By Austin Norville ’15
Video games such as “Grand Theft Auto” and “Call of Duty” have been blamed for inciting violence in today’s youth and there is a clear line in the varying opinions.
It has become a sensitive issue that began with the school shootings at Columbine High.
“I think that video games with their complex plots help kids problem solve,” said Mr. Scott Heideman. “I think it allows them to think through things … it allows them to take chances without the risk of consequences being disastrous.”
Mr. Heideman said he does play video games.
“It could be a lot of factors from physiological to environmental … I think it could go with a lack of parental influence in their life more than the video game influence,” Mr. Heideman said about a connection between gaming and violence.
Andrew Wuensche ’15, a video game player, does not believe video games correlate with violence in youth.
“My opinion would be that it does not have any correlation.” Wuensche said. “I don’t think that violent video games make people violent because I know from playing some violent video games that it doesn’t make me want to go out and reenact the game.”
Wuensche however does see some problems with violent video games.
“I do see the bad side to violent video games because it could desensitize people to certain things,” Wuensche said.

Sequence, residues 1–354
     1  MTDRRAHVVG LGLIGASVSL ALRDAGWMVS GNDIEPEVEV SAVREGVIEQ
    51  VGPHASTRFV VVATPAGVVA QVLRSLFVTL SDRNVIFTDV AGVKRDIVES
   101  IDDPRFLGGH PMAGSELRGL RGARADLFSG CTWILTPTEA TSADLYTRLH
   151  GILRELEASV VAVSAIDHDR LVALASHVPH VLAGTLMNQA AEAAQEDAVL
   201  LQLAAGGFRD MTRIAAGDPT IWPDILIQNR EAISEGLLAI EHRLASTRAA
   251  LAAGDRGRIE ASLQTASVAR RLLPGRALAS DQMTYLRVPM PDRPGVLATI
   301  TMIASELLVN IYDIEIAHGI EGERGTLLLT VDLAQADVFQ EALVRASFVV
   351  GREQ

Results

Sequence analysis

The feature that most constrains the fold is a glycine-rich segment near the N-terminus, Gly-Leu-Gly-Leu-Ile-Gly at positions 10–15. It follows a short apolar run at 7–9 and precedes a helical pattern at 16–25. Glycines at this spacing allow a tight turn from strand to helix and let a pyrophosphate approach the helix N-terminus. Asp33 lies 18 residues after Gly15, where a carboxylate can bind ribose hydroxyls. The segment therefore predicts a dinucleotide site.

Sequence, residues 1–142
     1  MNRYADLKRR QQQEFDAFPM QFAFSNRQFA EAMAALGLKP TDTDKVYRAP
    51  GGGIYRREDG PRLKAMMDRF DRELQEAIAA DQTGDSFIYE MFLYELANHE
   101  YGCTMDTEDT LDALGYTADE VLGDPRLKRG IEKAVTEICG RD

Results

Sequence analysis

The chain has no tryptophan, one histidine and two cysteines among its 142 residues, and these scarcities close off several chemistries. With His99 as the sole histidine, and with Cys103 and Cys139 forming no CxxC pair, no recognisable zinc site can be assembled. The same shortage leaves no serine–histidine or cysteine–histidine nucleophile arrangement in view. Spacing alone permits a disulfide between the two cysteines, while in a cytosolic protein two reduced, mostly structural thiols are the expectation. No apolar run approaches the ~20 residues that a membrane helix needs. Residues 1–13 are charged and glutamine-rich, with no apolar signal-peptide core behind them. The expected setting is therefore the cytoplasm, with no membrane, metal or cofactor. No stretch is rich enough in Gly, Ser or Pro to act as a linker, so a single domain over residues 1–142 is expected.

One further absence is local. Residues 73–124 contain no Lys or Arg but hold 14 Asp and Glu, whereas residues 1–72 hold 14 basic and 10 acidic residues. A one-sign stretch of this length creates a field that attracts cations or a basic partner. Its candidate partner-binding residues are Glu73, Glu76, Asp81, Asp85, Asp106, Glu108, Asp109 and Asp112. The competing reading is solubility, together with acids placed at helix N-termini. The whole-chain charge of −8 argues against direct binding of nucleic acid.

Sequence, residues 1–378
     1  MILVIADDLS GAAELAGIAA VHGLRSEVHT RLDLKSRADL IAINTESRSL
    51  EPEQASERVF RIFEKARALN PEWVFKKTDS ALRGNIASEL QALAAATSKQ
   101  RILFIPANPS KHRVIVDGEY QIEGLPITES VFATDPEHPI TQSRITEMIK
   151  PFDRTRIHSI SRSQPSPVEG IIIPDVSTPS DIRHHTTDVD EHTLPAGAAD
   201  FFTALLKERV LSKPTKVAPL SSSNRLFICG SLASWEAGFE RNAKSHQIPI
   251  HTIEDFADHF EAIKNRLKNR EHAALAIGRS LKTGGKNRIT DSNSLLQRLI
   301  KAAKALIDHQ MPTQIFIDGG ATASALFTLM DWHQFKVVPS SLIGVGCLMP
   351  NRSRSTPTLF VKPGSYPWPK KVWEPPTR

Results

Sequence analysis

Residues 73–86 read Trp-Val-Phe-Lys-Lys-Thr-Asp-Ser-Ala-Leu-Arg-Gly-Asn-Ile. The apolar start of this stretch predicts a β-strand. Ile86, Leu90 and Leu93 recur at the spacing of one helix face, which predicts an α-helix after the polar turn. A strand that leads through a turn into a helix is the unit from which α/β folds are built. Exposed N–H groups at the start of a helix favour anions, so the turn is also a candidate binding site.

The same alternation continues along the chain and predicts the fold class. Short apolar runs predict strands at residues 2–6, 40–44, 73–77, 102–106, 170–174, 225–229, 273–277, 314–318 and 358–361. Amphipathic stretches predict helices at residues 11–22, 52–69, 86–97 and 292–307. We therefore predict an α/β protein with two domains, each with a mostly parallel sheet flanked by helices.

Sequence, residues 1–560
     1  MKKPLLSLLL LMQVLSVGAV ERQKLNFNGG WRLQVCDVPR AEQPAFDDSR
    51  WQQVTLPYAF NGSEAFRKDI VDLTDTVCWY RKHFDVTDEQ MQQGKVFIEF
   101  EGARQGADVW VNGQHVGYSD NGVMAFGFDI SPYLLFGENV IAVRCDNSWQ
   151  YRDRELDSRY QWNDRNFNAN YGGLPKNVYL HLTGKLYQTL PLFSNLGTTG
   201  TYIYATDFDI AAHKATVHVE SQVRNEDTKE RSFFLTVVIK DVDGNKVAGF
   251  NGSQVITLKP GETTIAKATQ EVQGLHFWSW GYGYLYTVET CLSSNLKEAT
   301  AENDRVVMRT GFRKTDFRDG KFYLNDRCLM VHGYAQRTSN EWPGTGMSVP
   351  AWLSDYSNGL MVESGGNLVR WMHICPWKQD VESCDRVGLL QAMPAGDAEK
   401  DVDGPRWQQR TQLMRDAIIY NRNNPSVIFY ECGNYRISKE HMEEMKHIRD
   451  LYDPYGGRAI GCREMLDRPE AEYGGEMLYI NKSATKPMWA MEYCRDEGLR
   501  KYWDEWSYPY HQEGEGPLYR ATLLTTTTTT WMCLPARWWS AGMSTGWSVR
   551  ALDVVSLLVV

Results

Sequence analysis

According to Wuensche, a troubled past and home situation could be to blame for teens who decide to act violently.
Brophy Counselor Ms. Karen Parise, a non-video game player, said games can leave a mark on teens.
“It depends on the game first of all,” Ms. Parise said. “I think that some of the games out there are truly violent and I can’t imagine that’s not imprinting in your brains.”
According to Ms. Parise, the effect of violent video games seems to be a hardening of the heart.
“Just people not being as aware of how their actions might affect someone,” Ms. Parise said. “I think it does plant a seed of just people not being as sensitive to other people’s feelings.”
Ms. Parise said she does not believe there is a common issue in teens who perform violent acts.
“I think that we’re all as unique as our finger prints and I think that it absolutely will affect people differently based on their backgrounds,” Ms. Parise said. “We learn best by modeling, so if a student is witnessing violence and maybe abusive behavior at home … and imprinting that, he may be adding another layer of modeling into his brain and become more violent.”